With the arrival of yet another election this week, I thought it time for some facts.
This period of dissolved parliament is called purdah. Ministers remain in charge of their departments, but the country is effectively run by civil servants. Those who were MPs are technically no longer able to refer to themselves as such as they fight for reinstatement.
The youngest MP ever was 13-year-old Christopher Monck back in 1667. The record for the oldest is David Logan (Labour), who was 92 when he left office.
While the Queen can vote but chooses not to, members of the House of Lords cannot vote.
When it comes to voting, you don’t have to make a cross with a pencil. Pencils were originally chosen so there’s no danger of the ink making a second mark on the ballot paper. But you can do a tick with a pen if you choose.
There will be around 40,000 polling stations open on Thursday. Recent polling places have been set up not only in the traditional village halls and schools but also in churches, sports clubs, launderettes, caravans, mosques, pubs, hairdressers, restaurants, windmills and outdoor swimming pools. Apparently the polling station is the little booth where you stand, the building is a polling place.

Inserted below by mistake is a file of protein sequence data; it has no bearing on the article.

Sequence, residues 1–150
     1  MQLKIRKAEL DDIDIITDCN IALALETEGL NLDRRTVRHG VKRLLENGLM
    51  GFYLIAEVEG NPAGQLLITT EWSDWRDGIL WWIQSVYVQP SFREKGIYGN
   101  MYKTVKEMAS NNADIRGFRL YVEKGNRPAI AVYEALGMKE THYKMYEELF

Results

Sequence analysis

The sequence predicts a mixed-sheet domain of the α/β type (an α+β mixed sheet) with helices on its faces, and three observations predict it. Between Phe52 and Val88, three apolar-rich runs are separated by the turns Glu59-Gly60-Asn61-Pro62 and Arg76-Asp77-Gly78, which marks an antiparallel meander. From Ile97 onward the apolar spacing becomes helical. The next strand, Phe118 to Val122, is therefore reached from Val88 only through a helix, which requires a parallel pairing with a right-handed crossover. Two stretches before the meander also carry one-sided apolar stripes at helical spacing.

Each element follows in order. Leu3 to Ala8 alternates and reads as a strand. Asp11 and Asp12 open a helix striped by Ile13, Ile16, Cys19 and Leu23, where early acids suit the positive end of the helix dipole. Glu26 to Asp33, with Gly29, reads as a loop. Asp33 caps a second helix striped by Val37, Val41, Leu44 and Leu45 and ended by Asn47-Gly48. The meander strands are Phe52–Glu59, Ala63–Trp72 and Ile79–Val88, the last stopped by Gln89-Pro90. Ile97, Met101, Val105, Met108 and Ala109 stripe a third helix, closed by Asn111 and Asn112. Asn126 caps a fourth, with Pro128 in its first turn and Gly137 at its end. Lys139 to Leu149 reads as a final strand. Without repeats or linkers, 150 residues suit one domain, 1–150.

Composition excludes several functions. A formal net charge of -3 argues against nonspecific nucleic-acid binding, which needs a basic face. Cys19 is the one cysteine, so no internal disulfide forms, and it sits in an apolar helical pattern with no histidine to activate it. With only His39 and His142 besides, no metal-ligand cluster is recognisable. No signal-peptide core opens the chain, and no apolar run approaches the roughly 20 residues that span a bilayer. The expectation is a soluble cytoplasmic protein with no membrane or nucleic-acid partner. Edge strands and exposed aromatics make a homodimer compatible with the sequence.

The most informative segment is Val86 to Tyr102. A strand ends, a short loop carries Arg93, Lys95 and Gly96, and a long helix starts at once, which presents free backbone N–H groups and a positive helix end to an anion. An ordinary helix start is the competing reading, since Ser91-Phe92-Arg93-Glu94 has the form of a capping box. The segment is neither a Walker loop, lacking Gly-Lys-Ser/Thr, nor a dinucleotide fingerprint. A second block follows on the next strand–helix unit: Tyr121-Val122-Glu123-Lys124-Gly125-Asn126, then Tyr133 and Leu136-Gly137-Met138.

Prior to 1918, UK elections took several days to carry out. Last year Newcastle upon Tyne Central had the ballots counted by 11pm, just one hour after the polling stations closed.
Voting slips have to be securely stored for one year – sorted by counted papers, postal votes, rejected papers and those that are unused. At the end of 12 months they are destroyed.
We have 70 warehouses dotted across England, Scotland and Wales for reliable document storage. And, when necessary, our specialist software can remind you to put the wheels in motion for secure destruction so you don’t fall foul of GDPR. Speak to one of our people on 0333 060 0349 and they can chat to you about how we can help.